On two occasions, and at the direction of the Department of the Interior and Local Government, the Philippine National Police provided support for the entry of fuel trucks through the barricade and into the Didipio Mine. This fuel was urgently required to continue the safe operation of an advanced underground de-watering system that safely removes groundwater from the Didipio Mine to protect a national asset.
Additional information around the underground de-watering system, the requirement for emergency back-up fuel and the police-escorted fuel delivery are detailed in our response to the UN OCHCR and our response to the BHRRC in May 2020.
Letter from the Governor of Nueva Vizcaya to the President of the Philippines
The Governor of Nueva Vizcaya Province has a long-held position against mining on environmental grounds. We understand why the Governor holds this view and appreciate some mining operations are very poorly managed and have caused significant harm to the surrounding environment and communities.
The company has requested a meeting with the Governor to meet and discuss his concerns about the potential impacts of our mining operation and to show him first-hand how OceanaGold operates. The Governor has not granted our request to date.
In a December 2020 letter to the President of the Philippines, the Governor of Nueva Vizcaya mentioned mining operations in the province may have contributed to flooding within the Cagayan Valley following Typhoon Ulysses in November 2020.
In November 2020, the Luzon region and the communities around the Didipio Mine faced four extreme weather events. On 1 November 2020, Super Typhoon Goni (locally known as Rolly) caused extensive damage across Luzon. The typhoon was followed by Tropical Storms Atsani (Siony) and Etau (Tonyo) that struck Luzon and Visayas from 5 to 8 November. Finally, Category-4 Typhoon Vamco (Ulysses) swept through central Luzon on 11 and 12 November. More information, including the impact of these extreme events is available in the United Nations Humanitarian Needs and Priorities document, released on 26 November 2020.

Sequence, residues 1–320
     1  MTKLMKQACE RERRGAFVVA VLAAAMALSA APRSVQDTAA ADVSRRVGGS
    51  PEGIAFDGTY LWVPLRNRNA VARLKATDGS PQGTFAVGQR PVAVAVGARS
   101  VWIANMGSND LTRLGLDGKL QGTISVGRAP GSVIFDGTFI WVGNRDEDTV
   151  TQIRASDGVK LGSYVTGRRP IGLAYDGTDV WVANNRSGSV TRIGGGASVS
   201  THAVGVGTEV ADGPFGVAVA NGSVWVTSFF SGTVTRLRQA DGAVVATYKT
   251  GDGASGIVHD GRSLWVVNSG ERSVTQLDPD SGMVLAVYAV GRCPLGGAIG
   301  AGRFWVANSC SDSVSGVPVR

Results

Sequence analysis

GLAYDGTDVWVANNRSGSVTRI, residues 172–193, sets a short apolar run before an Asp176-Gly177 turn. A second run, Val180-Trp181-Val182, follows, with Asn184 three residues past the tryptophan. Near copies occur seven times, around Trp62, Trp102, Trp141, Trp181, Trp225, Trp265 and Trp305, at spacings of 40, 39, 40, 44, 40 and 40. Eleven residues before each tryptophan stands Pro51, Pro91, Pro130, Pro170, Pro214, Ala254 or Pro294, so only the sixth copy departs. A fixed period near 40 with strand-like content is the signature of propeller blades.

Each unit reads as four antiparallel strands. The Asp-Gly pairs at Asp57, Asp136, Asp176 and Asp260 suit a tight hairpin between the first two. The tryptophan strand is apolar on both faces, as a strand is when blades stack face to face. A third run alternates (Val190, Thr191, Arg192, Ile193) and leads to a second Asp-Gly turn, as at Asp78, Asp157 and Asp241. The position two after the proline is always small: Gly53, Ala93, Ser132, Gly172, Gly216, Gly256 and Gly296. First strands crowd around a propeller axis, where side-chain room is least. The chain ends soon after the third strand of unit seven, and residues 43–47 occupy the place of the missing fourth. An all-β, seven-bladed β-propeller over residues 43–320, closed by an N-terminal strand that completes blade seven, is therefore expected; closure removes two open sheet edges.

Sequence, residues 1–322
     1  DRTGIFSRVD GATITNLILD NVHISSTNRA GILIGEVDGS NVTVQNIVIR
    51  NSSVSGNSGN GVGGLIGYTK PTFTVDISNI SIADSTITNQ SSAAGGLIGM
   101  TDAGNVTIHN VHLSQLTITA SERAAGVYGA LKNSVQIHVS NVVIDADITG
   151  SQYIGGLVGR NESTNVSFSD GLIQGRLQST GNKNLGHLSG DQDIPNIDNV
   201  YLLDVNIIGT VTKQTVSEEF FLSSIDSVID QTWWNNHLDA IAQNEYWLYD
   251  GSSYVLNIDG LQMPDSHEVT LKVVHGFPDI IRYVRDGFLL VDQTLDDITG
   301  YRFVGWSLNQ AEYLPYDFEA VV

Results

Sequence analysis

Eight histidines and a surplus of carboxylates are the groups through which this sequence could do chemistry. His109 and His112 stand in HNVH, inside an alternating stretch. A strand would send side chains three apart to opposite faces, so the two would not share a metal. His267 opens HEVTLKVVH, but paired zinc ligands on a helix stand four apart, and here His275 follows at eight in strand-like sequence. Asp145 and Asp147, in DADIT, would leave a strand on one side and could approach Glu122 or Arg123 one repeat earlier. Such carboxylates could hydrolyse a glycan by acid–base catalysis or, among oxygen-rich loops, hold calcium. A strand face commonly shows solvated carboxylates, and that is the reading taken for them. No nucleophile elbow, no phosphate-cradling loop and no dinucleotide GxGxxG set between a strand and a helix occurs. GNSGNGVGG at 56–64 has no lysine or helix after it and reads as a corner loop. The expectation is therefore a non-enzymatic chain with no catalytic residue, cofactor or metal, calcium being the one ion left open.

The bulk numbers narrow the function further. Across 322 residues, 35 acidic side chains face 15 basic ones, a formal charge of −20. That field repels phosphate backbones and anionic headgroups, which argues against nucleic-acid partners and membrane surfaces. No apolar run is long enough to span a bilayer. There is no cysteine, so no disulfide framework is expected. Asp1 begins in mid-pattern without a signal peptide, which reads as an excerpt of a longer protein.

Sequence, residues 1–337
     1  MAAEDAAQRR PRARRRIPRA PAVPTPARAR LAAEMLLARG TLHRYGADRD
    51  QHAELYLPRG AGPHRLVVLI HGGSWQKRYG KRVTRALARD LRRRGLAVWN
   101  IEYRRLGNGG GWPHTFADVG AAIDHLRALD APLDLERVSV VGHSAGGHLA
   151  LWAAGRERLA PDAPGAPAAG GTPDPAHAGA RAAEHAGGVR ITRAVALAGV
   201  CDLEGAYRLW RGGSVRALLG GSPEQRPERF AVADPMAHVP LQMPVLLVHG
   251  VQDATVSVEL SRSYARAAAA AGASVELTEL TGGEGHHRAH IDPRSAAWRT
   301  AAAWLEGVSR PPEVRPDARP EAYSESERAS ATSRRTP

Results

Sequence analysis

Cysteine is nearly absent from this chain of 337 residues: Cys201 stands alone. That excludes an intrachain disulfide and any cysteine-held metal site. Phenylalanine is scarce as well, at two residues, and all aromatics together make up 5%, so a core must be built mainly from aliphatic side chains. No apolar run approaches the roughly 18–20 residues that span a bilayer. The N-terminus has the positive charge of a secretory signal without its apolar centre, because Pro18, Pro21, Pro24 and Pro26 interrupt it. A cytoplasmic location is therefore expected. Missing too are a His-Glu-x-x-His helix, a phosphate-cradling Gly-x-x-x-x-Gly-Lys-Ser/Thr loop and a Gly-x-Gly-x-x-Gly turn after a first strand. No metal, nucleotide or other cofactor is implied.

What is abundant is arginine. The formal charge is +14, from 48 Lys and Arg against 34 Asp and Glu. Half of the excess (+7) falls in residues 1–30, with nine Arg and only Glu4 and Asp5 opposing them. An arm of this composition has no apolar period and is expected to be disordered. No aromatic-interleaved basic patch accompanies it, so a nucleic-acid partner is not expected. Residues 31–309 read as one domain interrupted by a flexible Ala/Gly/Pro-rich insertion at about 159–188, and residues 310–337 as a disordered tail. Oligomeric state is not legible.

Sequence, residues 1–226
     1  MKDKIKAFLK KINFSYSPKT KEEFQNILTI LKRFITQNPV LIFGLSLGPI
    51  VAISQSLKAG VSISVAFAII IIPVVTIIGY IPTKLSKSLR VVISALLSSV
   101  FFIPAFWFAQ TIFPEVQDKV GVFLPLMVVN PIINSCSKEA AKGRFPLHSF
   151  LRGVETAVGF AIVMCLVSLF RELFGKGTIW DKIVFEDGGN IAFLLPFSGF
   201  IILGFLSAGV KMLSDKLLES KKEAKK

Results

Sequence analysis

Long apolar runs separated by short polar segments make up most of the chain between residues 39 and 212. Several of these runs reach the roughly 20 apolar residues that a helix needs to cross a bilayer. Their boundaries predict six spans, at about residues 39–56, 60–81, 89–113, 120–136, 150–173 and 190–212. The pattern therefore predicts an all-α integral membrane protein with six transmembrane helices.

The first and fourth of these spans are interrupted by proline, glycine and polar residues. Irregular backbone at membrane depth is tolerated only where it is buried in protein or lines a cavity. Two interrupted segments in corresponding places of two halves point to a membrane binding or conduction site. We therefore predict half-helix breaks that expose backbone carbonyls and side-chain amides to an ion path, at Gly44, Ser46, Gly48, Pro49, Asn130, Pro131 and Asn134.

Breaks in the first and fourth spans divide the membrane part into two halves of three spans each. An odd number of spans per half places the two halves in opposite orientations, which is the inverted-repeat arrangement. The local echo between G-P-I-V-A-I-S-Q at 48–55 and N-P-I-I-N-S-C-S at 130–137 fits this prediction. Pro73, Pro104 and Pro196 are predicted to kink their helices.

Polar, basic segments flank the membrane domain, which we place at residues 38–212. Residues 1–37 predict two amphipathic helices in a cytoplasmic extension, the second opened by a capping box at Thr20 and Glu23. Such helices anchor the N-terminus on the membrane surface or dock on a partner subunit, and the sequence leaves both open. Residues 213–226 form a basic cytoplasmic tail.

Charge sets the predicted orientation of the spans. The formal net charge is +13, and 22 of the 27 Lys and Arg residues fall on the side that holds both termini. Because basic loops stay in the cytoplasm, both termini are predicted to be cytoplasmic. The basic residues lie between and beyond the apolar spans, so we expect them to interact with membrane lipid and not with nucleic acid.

The Didipio Mine did not contribute to any flooding in the Cagayan Valley following these extreme weather events. The mine prepared for the weather events by increasing the throughput of the water treatment plant to ensure water could be safely released and to draw down the level of the tailings storage facility (TSF). This created additional capacity in the TSF to store water from rainfall.
The Didipio TSF is constructed to meet the Philippine DENR Guidelines (MO99-32), the Australian ANCOLD guidelines (Cat High C) and the International ICOLD Guidelines (2011) and is operated to accommodate extreme weather events. At all times, the TSF is required to have a minimum storage capacity equivalent to one in a one-hundred-year flood inflows (1.5 million cubic meters) without requiring water to be released. Representatives of the provincial government of Nueva Vizcaya assessed the impacts of the November rainfall events at the mine site and concluded there was no overflow from the TSF.
Following these extreme weather events, the Didipio Mine supported local relief and recovery, including clearing and re-building community roads.
The Governor’s letter also referenced other environmental impacts from mining. We have provided significant details around our environmental and community performance, including our progressive rehabilitation, regional reforestation, biodiversity, social and community development, education, and livelihood programs in a response to the UN OHCHR in April 2019 and on our website.
Again, we appreciate the opportunity to respond to allegations made about our Didipio Mine in the Philip